Cz process operates with two opposite rotations (melt and seed's rotations). How these rotations prevent growing imposed by other facets' directions (Other than that perpendicular to the axis of rotation-of seed?

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    $\begingroup$ Do you mean to ask whether the rotation prevents crystal growth in directions along the axis of rotation, or do you know that this is the case, and you are interested in why this is the case? Please clarify your question. $\endgroup$ – flaudemus Feb 19 at 8:20
  • $\begingroup$ Yes why it does exclusively in the direction of axis? $\endgroup$ – Eddie Feb 19 at 12:28

Any connection between the (ingot, crucible) rotation rates and crystal growth direction is a bit indirect. The first question to ask is why there is rotation at all. As it turns out, the rotation(s) perform two very important tasks, one of which is what your question is about.

  1. The major problem to be resolved in crystal growth is maintaining a constant temperature across the face of the crystal. The enthalpy of crystallization has to be removed from all across the interface, and this is a mixed thermal diffusion and fluid flow problem. The rotation speeds of the ingot and crystal are adjusted to enhance the fluid mixing and even out the thermal profile. Keeping the interface generally flat means that the ingot grows in the appropriate direction (which is what you asked about).

  2. The second major task is closely related, and that is maintaining an even distribution of impurities (mainly the dopants, but C and O also) across the diameter of the wafer. This is one reason that all large (150mm and larger) silicon wafers are doped with boron - it distributes better and results in more uniform doping across a wafer, quite important for modern CMOS technology. The uniform incorporation of C is critical as well, since it is required for mechanical strength (float zone silicon, low in carbon, cannot support itself in a hot furnace anneal at current wafer diameters).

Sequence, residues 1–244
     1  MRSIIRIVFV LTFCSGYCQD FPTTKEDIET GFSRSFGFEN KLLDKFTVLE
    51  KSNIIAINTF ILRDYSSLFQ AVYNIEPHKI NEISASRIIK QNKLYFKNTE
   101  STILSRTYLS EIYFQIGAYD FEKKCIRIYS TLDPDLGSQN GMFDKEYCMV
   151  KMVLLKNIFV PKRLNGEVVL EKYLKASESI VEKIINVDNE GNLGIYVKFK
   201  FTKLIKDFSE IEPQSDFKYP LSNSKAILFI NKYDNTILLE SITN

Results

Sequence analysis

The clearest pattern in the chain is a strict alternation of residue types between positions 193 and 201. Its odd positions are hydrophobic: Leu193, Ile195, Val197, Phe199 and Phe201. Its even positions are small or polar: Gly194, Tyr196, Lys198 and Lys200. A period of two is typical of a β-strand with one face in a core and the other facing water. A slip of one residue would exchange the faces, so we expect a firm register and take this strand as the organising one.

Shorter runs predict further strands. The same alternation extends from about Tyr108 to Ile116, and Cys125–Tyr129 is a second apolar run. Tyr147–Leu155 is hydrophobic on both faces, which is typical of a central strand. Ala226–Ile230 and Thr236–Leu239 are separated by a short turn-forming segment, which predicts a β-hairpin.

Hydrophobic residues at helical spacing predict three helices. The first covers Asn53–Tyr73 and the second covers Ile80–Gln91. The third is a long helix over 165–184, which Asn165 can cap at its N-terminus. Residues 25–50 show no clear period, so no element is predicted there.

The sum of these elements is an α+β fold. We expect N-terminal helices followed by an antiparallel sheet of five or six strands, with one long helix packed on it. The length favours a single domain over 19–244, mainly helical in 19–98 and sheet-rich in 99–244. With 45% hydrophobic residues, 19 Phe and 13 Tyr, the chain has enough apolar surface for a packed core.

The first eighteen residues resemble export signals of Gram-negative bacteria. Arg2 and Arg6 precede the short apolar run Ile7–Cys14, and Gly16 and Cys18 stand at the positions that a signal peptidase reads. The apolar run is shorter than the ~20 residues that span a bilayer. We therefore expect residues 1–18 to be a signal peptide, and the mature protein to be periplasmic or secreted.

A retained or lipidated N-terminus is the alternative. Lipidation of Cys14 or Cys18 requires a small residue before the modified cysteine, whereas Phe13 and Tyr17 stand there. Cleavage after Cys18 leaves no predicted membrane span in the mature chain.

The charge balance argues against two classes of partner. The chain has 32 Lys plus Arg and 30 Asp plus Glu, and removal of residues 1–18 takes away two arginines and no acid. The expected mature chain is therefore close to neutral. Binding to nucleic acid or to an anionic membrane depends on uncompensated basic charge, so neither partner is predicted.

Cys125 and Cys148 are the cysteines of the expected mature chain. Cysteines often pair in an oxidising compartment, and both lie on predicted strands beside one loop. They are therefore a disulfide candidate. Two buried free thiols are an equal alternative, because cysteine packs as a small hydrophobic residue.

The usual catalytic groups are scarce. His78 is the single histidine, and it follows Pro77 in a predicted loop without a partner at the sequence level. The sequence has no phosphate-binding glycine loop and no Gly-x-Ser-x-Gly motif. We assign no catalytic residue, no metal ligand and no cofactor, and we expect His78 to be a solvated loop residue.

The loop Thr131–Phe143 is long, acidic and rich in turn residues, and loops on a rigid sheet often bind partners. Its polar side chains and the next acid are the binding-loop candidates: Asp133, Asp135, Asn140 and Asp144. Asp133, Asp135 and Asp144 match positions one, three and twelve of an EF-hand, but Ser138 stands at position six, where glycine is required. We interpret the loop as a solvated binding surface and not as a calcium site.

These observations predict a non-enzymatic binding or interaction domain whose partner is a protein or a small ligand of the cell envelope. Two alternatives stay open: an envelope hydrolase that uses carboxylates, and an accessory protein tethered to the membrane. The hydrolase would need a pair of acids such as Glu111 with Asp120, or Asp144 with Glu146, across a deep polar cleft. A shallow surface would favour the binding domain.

An interesting read is Fumio Shimura's book 'Semiconductor Silicon Crystal Technology' (Academic Press, 1989).

  • $\begingroup$ Oh! this is great I appreciate it. $\endgroup$ – Eddie Feb 19 at 18:11
  • $\begingroup$ You said maintaining constant temperature across the face of crystal. You mean this is important at the interface which is perpendicular to the axis of rotation? What about the other facets of the seed which have their own direction(s) and have interfaces with melt? Can you please elaborate on the two type of rotations what they bring to growth beside temperature homogenization? $\endgroup$ – Eddie Feb 19 at 18:21
  • $\begingroup$ Yes, you have to keep the temperature across the face of the crystal, perpendicular to the crystal pull direction, constant. If you have one crystal orientation for the solid-liquid interface you will tend to get one growth direction. (Note this is another reason for silicon wafers being all (100) now - it is the easiest facet to grow). $\endgroup$ – Jon Custer Feb 19 at 18:27

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